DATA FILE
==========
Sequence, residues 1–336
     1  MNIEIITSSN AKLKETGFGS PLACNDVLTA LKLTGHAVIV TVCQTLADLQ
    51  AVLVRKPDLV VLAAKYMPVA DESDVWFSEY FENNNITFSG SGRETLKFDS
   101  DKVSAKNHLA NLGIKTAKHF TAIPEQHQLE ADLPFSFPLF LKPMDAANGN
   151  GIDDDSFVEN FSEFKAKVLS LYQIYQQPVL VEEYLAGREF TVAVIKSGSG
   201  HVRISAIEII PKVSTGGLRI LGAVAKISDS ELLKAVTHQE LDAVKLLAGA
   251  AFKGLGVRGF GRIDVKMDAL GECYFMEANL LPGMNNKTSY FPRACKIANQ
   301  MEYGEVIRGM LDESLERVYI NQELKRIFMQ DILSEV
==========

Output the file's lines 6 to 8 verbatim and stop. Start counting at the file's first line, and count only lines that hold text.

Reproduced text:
   201  HVRISAIEII PKVSTGGLRI LGAVAKISDS ELLKAVTHQE LDAVKLLAGA
   251  AFKGLGVRGF GRIDVKMDAL GECYFMEANL LPGMNNKTSY FPRACKIANQ
   301  MEYGEVIRGM LDESLERVYI NQELKRIFMQ DILSEV